15%. That’s how many undergraduate students at the University of Michigan are members of social sororities or fraternities. Though far below the “majority,” it seems like every person I’ve talked to is a member of some greek organization, promoting their next event or fundraiser. Despite the many negative stereotypes, I, like many other girls, came to college eager to participate in the famous “rush process.”


For those who do not know how “rush” works, it is a process comprising four rounds. Each round, girls spend roughly 20-50 minutes at each house, depending on the round. In the first round, every girl visits each chapter, and the number of houses they visit gets steadily smaller each round: from 17 to 12, 12 to 7 and then 7 to 2 in the final round. The first two rounds were held in Ross this year, to accommodate the new Winter rush policy. The houses each girl visits in the next rounds are dependent on a “mutual selection process,” meaning the chapter must ask the individual back and vice versa. If a house you did not select to attend does not ask you back, you are “dropped” and no longer can participate in that house’s rush process. 


“Trust the process” seemed to be everybody’s favorite phrase during the three week period of twelve hour days spent in well thought-out outfits and perfectly placed makeup. I knew not to come into the process with too many expectations, and tried to believe the “mutual selection process” would lead me to joining the organization which was best suited to me. Reeling from the famous “Beta Delta” scandal at the University of Michigan,  I was weary of the process, but confident I would find the place I could call home. Though it is undeniable greek life is overwhelmingly white, I took comfort in seeing other people of color participating in the rush process as well. 


After the first round, I was surprised by the list I got back. I was dropped by many houses I thought I had great conversations at, leading me  to scrutinize each experience and overanalyze what could have gone wrong. I always tried to “be myself” at each house, but it was hard to feel like myself was enough when I was getting cut from houses without any indication of what was going wrong.


It was also hard not to notice how the number of girls of color I saw decreased as the rounds went on. When the third round of rush came around, I was cut from almost every single remaining house I was interested in joining. I didn’t want to succumb to the pressure of joining a sorority just to join. Surrounded by friends who had so many houses they were willing to join on their list, it seemed like I would be left behind if I didn’t join a chapter. I wanted to join a chapter I knew I would love and would want me for me.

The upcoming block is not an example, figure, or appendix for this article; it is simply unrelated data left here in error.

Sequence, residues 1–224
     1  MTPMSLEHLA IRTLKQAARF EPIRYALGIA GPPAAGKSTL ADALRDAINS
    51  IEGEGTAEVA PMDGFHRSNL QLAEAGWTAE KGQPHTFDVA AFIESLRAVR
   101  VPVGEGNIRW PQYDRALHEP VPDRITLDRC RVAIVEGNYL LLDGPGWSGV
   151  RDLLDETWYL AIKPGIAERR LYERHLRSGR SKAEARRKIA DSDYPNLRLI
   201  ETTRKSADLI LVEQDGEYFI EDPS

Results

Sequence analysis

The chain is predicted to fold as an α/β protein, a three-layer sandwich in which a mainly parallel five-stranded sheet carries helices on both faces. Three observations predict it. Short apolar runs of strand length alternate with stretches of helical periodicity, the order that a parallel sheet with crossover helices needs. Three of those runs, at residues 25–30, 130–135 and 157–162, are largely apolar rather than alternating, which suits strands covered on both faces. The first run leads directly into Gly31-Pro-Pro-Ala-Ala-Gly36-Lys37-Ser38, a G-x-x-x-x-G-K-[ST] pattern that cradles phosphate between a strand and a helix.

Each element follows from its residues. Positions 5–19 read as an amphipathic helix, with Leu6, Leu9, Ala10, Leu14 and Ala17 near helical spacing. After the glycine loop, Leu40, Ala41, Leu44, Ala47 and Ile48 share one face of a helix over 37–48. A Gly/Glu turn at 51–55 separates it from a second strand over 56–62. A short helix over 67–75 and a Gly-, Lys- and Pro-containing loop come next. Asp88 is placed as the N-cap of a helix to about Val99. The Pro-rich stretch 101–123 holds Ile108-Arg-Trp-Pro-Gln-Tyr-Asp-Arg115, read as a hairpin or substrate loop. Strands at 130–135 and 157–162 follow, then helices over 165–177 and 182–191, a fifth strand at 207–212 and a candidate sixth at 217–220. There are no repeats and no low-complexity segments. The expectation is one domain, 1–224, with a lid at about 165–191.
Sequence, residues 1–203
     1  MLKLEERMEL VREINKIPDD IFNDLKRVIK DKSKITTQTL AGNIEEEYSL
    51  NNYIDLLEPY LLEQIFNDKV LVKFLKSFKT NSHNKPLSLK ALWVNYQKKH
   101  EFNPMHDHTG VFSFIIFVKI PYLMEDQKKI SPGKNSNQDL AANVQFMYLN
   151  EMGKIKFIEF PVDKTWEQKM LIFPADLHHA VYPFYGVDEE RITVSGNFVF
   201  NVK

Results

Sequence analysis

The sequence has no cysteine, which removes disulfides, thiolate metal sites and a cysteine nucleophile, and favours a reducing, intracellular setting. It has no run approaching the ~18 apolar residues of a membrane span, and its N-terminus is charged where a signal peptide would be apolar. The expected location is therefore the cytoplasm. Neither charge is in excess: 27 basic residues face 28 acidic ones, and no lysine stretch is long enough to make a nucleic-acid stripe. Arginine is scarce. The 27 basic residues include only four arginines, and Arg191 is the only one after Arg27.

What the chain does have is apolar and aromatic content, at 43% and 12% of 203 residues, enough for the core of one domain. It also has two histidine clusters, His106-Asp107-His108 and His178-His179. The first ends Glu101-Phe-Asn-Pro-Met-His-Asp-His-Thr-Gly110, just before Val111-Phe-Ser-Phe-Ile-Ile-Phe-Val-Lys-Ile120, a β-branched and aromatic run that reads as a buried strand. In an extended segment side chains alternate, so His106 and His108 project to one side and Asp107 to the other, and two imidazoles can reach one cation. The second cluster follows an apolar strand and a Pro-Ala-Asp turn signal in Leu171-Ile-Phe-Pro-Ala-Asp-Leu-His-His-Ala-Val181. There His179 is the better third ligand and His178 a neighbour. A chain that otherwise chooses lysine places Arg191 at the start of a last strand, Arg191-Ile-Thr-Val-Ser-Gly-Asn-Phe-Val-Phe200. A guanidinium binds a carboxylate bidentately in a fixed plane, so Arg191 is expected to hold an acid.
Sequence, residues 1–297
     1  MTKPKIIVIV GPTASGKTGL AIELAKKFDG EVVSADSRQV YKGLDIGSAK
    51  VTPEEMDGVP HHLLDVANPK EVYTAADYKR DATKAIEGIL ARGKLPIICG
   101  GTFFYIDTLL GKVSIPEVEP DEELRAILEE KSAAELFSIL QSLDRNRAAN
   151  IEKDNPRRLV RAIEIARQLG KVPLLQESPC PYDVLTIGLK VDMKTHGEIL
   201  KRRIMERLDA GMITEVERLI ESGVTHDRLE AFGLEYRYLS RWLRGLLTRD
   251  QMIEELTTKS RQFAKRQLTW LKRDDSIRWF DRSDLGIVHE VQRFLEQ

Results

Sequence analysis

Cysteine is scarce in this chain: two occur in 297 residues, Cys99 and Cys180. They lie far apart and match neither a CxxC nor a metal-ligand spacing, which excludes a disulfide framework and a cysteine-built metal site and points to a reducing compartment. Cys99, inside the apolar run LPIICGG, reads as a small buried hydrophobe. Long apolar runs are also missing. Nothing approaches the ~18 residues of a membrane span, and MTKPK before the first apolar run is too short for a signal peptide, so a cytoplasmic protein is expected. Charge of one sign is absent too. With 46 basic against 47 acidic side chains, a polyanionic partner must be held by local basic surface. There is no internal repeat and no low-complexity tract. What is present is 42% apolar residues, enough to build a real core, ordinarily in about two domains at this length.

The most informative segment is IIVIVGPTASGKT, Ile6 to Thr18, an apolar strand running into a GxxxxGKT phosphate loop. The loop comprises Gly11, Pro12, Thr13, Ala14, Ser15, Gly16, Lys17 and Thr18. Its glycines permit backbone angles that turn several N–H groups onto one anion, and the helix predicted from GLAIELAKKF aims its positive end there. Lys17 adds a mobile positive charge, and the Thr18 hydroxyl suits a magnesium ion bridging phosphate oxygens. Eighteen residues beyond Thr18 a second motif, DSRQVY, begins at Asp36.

Sitting in Ross, feeling defeated in my new skirt and boots, I overheard another girl on the phone with her mom talking about her very similar experience. In the discussion of her confusion and feeling of hurt, I heard her say “maybe it would have worked out better if I was white and blonde.” These words pierced my heart, as this girl I had never met before was verbalizing the exact thoughts I was having. Many other girls of color whom I spoke to about this process had similar feelings: “it’s kind of like they know they don’t want you but they can’t come out and say it so they spend the whole time dragging themselves through the conversation” one girl said to me. I couldn’t agree more. I was a combination of hurt, angry and embarrassed that I was letting this experience shape how I felt about my own identity. 


It seemed so trivial; a process should never have the power to make someone so upset. But when every girl says joining their chapter was the “best decision they made in college,” it feels like you’re being barred from your own college experience. It was crushing to be with a group of girls who all loved the houses they got back while I, the only person of color in the group, silently wondered what I had done wrong. Scrolling through the “candid” Instagram accounts of many sororities on campus made it hard to feel like I had the right “look” when every other girl looked the same.